TV Round Up: Time, Travel and Things That Go Bump In The NightPosted: June 3, 2015
Okay, so it’s TV round up time again, a quick catch up on the TV shows that I’ve enjoyed, most of which have been binge watched while cwtched up with MWG. Let’s crack on:
The Enfield Haunting
What It’s About: In the late 1970s a family are tormented by a poltergeist in Enfield, much of it seemingly centred around Janet (Eleanor Worthington Cox), the young girl who lives there. Paranormal enthusiast Maurice Grosse (Timothy Spall), to investigate and he confirms there is something going on.
Reinforcements arrive in the shape of suave writer Guy Lyon Playfair (Matthew Macfadyen), who is initially skeptical and fears that Maurice, recovering from personal tragedy, may be too invested in Janet and her family. What is really going on? Is Maurice going to be able to help, and is his obsession with the case going to derail his home life?
Why I Like It: I don’t buy the “Based on Real Events” stuff, but this is still a well done and creepy horror series. The tension is built up beautifully and there’s a definite sense of unease throughout.
MWG’s not great with horror so there were lots of jumps and shrieks of fear as we watched it, and she got scared too. What sets it above is the fantastic performances, particularly Spall who is sensational in capturing the damaged, fragile Maurice who does his best to reassure the kids but is quickly out of his depth. Macfadyen is also great as the smooth, cocky Playfair and the child performances are pretty strong as well.
What It’s About: 1945, and married couple Frank and Claire (Tobias Menzies and Caitriona Balfe) travel to Scotland, trying to reconnect after being separated during the Second World War. Claire visits standing stones and is cast back in time to 1743, where she becomes embroiled with Scottish rebels and meets Frank’s sadistic ancestor Black Jack Randall (Menzies again), a British army officer.
For her protection Claire is married to Jamie Fraser (Sam Heughan), a Scottish rebel who’s smitten with her and proves quite gentle with her. Can Claire get back to ’45 and, as she gets to know Jamie, does she really want to?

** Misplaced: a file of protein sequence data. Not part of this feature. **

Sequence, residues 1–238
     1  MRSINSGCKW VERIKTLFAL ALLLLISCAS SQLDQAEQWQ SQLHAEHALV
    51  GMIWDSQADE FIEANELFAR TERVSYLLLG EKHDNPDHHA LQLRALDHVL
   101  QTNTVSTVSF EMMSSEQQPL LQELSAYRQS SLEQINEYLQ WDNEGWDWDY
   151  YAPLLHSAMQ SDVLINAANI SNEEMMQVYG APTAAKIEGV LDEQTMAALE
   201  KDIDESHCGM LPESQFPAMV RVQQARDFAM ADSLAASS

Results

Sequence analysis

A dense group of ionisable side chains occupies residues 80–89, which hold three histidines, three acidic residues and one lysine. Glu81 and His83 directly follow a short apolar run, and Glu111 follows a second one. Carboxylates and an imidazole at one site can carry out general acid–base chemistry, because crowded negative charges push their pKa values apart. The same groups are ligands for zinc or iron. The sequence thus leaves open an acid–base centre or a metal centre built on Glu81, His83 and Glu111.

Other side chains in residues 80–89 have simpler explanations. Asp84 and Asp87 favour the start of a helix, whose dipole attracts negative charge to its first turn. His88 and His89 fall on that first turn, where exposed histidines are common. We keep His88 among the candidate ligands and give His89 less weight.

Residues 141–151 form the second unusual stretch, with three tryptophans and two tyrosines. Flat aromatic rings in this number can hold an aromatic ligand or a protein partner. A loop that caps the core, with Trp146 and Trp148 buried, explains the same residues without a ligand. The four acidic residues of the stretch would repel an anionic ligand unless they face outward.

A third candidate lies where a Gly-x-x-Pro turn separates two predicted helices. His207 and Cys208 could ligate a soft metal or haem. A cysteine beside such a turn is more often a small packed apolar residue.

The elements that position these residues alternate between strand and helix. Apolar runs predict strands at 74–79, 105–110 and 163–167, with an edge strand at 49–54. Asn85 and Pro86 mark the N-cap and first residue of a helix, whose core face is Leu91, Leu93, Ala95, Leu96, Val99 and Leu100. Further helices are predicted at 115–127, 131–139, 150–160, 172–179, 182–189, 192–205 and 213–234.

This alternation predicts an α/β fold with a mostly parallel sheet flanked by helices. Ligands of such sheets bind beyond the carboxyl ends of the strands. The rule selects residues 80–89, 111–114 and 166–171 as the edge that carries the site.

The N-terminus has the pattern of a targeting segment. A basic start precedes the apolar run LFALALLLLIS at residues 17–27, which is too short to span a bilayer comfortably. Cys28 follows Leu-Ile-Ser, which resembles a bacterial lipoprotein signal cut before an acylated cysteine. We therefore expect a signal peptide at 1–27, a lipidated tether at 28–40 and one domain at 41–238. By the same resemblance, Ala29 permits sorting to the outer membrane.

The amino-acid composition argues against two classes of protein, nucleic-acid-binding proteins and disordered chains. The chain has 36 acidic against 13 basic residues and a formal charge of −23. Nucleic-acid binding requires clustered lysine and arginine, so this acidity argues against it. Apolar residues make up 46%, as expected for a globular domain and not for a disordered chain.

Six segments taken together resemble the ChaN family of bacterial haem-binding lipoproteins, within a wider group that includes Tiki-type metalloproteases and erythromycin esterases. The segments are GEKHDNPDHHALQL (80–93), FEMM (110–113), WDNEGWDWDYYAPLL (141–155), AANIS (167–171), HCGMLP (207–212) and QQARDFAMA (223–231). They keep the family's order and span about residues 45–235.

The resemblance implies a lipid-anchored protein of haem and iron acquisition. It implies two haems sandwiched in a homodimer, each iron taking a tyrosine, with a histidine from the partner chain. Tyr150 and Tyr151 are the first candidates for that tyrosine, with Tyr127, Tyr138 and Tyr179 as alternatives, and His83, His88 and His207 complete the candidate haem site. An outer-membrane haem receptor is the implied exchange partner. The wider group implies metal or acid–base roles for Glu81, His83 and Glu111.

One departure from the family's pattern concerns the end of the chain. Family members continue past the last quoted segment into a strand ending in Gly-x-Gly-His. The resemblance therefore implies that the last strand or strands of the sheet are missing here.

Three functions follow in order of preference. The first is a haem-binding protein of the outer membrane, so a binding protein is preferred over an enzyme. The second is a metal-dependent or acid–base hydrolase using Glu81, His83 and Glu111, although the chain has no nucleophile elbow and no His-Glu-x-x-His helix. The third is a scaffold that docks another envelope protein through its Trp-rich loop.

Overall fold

Why I Like It: The premise is a little bonkers, and it shifts gears alarmingly in places (there’s some daft humour before things get seriously dark towards the end of the first season), but it’s an engaging drama and the characters are pretty well done. It zips along at quite a pace and is filled with action and incident, and the writing is rather fine at times. Credit also to Balfe and Heughan, who do extremely well in their lead roles.
Peter Kay’s Car Share
What It’s About: When the supermarket they work for starts a car sharing initiative colleagues John (Peter Kay) and chatty Kayleigh (Sian Gibson) are buddied up. Despite seeming to not have much in common they begin to warm to each other with each episode being about a different day of their commutes.
Why I Like It: The set up is simple and most of it takes place within the confines of John’s car, but the writing is wonderfully observed and full of laugh out loud lines. It also helps that Kay and Gibson are excellent in their roles, real and natural and bouncing off each other to great effect. I hope it returns for a second series as this is the best thing Kay has done in years.
A Young Doctor’s Notebook
What It’s About: In 1930s Russia a doctor (Jon Hamm) is confronted about irregularities in his morphine prescriptions, and given his old diary. The diary tells of his early career, when as a young doctor (Daniel Radcliffe) he practiced in a small, isolated village hospital. As he struggles to manage his patients and the isolation, the doctor’s older self appears to him, offering advice and conversing with him.
Why I Like It: The tone is messy, but works for me. The young doctor’s life is filled with farcical events, awkwardness and jet black comedy, while the older doctor’s story is much darker. What works for me is Hamm’s sarky comments to his younger self. Originally smug and superior these start to become angrier and more serious as he is forced to confront his past failings and flaws.
The second series gets incredibly dark, and there are times when your sympathy for the young doctor waivers, but it’s here the conceit works, as the older doctor reflects are disgust while also capturing the bitterness and regret that consumes him.
The performances are strong and it’s entertaining, mixing comedy and tragedy expertly, at times it’s a tough watch because of just how unlikable Radcliffe’s character becomes, but for the most part it’s a well crafted gem. And Radcliffe deserves praise for taking on such a challenging role and capturing the selfish tunnel vision of an addict.
I’m quite glad that MWG nagged me to watch this as it didn’t really appeal but fair play, it was a solid pick and I enjoyed it a lot.
Any thoughts? You know what to do. BETEO.